In the example method of FIG. 4, initiating (212) transmission of the virtual machine (218) from the source host (216) to the destination host (226) over the least congested network path, includes initiating (404) transmission of the virtual machine (218) from the source host (216) to the destination host (226) using the migration queue (408, 414) of each switch (406, 412) in the least congested network path between the source host (216) to the destination host (226). In the example method of FIG. 4, the least congested network path between the source host (216) to the destination host (226) may include one or more switches (406, 412). Because each switch (406, 412) includes a migration queue (408, 412), all virtual machine (218) migration traffic may be routed through the migration queue (408, 414) of each switch (406, 412) that is part of the least congested network path between the source host (216) to the destination host (226).

As will be appreciated by one skilled in the art, aspects of the present invention may be embodied as a system, method or computer program product. Accordingly, aspects of the present invention may take the form of an entirely hardware embodiment, an entirely software embodiment (including firmware, resident software, micro-code, etc.) or an embodiment combining software and hardware aspects that may all generally be referred to herein as a “circuit,” “module” or “system.” Furthermore, aspects of the present invention may take the form of a computer program product embodied in one or more computer readable medium(s) having computer readable program code embodied thereon.

Any combination of one or more computer readable medium(s) may be utilized. The computer readable medium may be a computer readable signal medium or a computer readable storage medium. A computer readable storage medium may be, for example, but not limited to, an electronic, magnetic, optical, electromagnetic, infrared, or semiconductor system, apparatus, or device, or any suitable combination of the foregoing. More specific examples (a non-exhaustive list) of the computer readable storage medium would include the following: an electrical connection having one or more wires, a portable computer diskette, a hard disk, a random access memory (RAM), a read-only memory (ROM), an erasable programmable read-only memory (EPROM or Flash memory), an optical fiber, a portable compact disc read-only memory (CD-ROM), an optical storage device, a magnetic storage device, or any suitable combination of the foregoing. In the context of this document, a computer readable storage medium may be any tangible medium that can contain, or store a program for use by or in connection with an instruction execution system, apparatus, or device.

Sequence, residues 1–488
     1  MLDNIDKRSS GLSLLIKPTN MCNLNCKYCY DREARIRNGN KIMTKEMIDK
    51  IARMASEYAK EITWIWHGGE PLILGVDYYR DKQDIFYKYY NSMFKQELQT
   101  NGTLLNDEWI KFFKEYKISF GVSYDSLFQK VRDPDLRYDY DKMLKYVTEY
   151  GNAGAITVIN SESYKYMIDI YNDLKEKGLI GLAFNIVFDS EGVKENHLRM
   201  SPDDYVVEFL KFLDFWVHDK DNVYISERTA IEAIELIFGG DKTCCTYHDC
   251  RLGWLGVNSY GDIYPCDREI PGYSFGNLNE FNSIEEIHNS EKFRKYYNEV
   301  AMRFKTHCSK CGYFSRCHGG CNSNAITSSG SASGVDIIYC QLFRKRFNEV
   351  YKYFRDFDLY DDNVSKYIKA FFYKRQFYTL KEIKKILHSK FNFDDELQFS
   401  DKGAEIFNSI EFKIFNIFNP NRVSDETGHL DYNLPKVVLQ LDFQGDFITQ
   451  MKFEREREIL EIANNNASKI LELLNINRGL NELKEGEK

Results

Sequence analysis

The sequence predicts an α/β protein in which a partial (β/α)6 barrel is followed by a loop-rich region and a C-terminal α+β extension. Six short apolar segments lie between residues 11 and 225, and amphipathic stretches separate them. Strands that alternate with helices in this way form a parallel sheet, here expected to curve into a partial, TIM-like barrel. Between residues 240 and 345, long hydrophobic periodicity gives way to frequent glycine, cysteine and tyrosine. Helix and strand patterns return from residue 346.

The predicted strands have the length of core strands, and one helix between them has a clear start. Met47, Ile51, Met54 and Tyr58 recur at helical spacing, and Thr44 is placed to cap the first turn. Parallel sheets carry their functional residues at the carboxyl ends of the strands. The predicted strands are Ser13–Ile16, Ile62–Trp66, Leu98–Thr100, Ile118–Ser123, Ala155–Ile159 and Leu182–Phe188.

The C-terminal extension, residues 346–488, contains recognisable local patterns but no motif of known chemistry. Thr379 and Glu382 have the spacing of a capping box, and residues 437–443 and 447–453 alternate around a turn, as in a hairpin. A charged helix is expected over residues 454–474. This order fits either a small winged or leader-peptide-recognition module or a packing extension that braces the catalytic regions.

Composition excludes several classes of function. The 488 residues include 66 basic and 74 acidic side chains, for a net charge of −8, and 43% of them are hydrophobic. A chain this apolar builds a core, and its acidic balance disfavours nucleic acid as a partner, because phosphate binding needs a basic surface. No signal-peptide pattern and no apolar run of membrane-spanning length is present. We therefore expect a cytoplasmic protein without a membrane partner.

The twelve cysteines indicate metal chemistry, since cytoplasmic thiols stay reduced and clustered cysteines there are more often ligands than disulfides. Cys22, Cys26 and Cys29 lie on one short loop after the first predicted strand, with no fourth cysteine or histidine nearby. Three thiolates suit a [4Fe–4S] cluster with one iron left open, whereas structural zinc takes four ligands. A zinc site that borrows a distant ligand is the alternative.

A computer readable signal medium may include a propagated data signal with computer readable program code embodied therein, for example, in baseband or as part of a carrier wave. Such a propagated signal may take any of a variety of forms, including, but not limited to, electro-magnetic, optical, or any suitable combination thereof. A computer readable signal medium may be any computer readable medium that is not a computer readable storage medium and that can communicate, propagate, or transport a program for use by or in connection with an instruction execution system, apparatus, or device.

Program code embodied on a computer readable medium may be transmitted using any appropriate medium, including but not limited to wireless, wireline, optical fiber cable, RF, etc., or any suitable combination of the foregoing.

Computer program code for carrying out operations for aspects of the present invention may be written in any combination of one or more programming languages, including an object oriented programming language such as Java, Smalltalk, C++ or the like and conventional procedural programming languages, such as the “C” programming language or similar programming languages. The program code may execute entirely on the user's computer, partly on the user's computer, as a stand-alone software package, partly on the user's computer and partly on a remote computer or entirely on the remote computer or server. In the latter scenario, the remote computer may be connected to the user's computer through any type of network, including a local area network (LAN) or a wide area network (WAN), or the connection may be made to an external computer (for example, through the Internet using an Internet Service Provider).

Aspects of the present invention are described above with reference to flowchart illustrations and/or block diagrams of methods, apparatus (systems) and computer program products according to embodiments of the invention. It will be understood that each block of the flowchart illustrations and/or block diagrams, and combinations of blocks in the flowchart illustrations and/or block diagrams, can be implemented by computer program instructions. These computer program instructions may be provided to a processor of a general purpose computer, special purpose computer, or other programmable data processing apparatus to produce a machine, such that the instructions, which execute via the processor of the computer or other programmable data processing apparatus, create means for implementing the functions/acts specified in the flowchart and/or block diagram block or blocks.

These computer program instructions may also be stored in a computer readable medium that can direct a computer, other programmable data processing apparatus, or other devices to function in a particular manner, such that the instructions stored in the computer readable medium produce an article of manufacture including instructions which implement the function/act specified in the flowchart and/or block diagram block or blocks.